3) Better incentives for incremental improvements. I never bothered to try and put those 2 lost minutes back on my 2.4km run. The effort needed to hit 10:30 reliably was just WAY more than I could afford, but now, every 10 seconds earns me a point, and I can bust ass at situps, instead of stopping at 43 and resting the last 15 seconds. I can aim for 55 now without wasting energy.

4) The financial cost? What about that FCC equipment? A full set of test equipment for one of our FCCs costs millions of dollars. Sure, we could still use two out of five stations, but there would be quite a bit of waste. Also, more people passing and getting incentives means more money paid out, but on the flipside, more people passing means fewer resources being wasted training unmotivated soldiers in RT, and paying them their rank allowance to go through the motions.

5) Bragging rights. I get to start every mention of IPPT with the words “back in my day”. I can make up stories about how impossible everything was and how much we suffered, like how all good soldiers do about crap that doesn’t involve actual warfare.

I’ll miss the old stations, but I’m eager to give this new system a whirl, especially when there’s an extra couple of hundred bucks in it (and a chance to put that old badge on my uniform again)!

P1 registration fix is long overdue

My wife and I just registered our son in Henry Park Primary School, which is within 2km of our home. It was a school that I was an ex-student of and, fortuitously, it was also near where we lived (I’ve lived in this area since I was a child). Even at this early stage of registration, the news reports had confirmed that a ballot was required.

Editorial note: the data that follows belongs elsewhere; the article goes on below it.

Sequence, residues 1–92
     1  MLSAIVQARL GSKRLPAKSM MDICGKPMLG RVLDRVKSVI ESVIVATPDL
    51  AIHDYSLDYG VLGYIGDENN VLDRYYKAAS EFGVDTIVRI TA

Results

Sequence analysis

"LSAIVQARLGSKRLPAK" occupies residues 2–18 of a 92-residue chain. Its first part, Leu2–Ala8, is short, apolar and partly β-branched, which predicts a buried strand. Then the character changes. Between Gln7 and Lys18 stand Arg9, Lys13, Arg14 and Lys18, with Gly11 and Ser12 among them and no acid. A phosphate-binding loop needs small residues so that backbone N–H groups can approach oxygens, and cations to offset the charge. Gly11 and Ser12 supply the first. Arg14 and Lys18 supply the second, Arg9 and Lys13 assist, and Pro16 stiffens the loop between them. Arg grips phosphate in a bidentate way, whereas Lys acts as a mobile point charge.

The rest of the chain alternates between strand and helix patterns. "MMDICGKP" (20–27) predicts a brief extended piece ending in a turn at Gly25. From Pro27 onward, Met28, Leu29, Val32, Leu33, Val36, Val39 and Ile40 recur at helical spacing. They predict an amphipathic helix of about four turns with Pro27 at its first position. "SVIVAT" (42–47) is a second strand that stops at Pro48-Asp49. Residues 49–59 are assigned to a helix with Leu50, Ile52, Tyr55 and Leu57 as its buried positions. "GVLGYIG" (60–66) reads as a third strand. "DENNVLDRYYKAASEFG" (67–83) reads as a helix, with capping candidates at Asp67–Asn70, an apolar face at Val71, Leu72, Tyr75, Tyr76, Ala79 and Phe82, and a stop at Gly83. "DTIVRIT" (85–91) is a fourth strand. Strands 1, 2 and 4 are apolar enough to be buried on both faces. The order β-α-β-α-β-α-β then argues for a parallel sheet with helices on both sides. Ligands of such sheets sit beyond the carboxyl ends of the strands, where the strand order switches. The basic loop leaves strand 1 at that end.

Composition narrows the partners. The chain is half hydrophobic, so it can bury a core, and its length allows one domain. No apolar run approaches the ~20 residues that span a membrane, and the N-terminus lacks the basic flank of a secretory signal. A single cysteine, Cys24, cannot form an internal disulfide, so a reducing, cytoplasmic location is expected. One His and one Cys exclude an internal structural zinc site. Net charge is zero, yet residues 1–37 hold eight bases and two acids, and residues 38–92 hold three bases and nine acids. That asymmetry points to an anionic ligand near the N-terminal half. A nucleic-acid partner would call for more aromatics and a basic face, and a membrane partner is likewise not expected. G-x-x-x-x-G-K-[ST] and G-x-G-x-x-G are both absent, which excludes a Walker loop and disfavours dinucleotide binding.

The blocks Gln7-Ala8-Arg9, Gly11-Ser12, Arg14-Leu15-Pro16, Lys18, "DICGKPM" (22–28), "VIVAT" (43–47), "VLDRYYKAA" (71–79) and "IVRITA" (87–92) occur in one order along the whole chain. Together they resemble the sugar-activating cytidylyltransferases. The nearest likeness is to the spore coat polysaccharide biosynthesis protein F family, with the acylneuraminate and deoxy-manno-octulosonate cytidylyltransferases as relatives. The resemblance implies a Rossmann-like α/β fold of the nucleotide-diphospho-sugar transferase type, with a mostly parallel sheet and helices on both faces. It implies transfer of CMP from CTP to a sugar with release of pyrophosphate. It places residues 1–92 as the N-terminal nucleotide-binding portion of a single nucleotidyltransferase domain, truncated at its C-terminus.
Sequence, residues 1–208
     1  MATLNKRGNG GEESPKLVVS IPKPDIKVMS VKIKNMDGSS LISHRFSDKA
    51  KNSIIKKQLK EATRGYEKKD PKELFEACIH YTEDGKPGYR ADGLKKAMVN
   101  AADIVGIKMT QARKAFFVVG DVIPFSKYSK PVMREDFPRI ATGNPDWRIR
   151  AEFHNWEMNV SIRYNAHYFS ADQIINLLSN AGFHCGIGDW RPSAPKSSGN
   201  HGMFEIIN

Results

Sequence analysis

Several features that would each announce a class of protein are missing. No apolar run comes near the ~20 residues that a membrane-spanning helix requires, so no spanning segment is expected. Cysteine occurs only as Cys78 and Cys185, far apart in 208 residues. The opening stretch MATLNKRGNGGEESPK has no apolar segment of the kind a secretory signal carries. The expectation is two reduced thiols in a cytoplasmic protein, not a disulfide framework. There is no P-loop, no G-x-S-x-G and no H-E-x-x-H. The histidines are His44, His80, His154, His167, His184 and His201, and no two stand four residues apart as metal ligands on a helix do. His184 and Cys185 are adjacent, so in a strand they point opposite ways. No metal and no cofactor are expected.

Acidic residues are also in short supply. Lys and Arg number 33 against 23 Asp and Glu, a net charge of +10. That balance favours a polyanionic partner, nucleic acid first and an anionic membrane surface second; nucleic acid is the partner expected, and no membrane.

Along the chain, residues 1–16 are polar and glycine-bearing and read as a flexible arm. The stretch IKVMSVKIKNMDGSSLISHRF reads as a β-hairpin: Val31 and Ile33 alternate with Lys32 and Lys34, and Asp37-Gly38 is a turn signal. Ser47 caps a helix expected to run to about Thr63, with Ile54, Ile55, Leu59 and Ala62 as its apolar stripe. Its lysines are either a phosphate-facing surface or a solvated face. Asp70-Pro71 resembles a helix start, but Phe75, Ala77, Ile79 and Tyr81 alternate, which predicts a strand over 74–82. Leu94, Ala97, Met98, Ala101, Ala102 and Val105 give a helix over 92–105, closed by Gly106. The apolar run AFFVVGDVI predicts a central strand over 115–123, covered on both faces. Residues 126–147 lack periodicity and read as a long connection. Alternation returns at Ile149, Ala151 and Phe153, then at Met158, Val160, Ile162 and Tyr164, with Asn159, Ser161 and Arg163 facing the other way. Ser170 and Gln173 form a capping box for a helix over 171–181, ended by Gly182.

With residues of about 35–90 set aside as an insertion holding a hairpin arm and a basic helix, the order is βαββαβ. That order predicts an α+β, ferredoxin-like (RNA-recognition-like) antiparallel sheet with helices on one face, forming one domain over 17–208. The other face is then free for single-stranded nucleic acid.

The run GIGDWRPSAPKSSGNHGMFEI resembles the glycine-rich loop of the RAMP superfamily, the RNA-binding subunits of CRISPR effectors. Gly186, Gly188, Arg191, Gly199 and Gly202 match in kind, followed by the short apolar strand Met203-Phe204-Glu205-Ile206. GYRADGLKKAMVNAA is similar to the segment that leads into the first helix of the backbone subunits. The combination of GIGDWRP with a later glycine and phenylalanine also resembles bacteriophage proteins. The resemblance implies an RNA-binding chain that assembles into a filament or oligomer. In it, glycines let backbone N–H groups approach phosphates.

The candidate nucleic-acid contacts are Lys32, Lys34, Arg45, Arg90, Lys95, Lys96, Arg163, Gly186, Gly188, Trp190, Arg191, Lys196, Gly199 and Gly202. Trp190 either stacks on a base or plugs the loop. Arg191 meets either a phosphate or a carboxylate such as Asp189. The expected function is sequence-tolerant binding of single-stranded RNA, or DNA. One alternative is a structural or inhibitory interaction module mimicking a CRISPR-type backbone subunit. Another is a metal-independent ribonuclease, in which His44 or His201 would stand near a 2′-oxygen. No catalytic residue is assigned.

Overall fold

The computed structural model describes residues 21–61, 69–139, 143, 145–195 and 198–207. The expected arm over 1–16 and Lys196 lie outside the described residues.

The P1 Registration is broken – it flies in the face of meritocracy and is a tear in the fabric of our society. ST’s Sandra Davie has summarised the possible solutions in her piece last week, more comprehensively than I have hoped:

1) Eradicate Phases 2A1, 2A2 and 2B. No more fair-weather alumni and “volunteers” looking for favours.

2) The problem of the clustered “good schools” in wealthy neighbourhoods can be solved by uprooting them and placing them in HDB towns. It is time to tear apart these bastions of misperceived achievement. Alternatively, those who live nearby can be given priority over alumni (though I think this will not work).